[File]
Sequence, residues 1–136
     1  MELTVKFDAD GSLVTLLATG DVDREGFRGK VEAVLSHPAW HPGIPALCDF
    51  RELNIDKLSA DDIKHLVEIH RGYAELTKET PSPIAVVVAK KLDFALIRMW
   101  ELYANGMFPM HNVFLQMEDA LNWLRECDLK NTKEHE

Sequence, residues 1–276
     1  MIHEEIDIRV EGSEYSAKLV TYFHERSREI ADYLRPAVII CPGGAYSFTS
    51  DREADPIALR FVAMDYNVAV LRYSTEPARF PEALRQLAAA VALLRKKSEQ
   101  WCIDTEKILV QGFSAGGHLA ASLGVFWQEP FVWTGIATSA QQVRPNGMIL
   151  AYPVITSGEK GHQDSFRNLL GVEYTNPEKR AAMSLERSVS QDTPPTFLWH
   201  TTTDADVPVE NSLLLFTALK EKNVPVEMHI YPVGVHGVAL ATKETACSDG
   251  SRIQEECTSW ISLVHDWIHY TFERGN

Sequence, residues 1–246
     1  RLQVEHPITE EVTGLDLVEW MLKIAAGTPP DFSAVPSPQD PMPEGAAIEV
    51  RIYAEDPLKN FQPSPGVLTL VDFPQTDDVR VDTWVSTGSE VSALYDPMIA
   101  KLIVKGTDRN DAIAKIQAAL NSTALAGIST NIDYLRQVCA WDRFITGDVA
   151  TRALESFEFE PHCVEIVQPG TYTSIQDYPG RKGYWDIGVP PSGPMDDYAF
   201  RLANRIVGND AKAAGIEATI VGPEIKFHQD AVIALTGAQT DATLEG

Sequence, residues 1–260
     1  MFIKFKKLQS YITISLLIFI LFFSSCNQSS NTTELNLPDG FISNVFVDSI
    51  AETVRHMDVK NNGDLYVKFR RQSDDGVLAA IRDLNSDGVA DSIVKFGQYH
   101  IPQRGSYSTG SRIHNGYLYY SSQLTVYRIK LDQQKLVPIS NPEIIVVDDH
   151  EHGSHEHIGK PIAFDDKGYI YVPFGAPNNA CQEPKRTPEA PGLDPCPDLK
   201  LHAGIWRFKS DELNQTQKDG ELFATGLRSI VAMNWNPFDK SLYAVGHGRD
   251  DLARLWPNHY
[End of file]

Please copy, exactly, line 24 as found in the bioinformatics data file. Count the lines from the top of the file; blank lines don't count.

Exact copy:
   251  DLARLWPNHY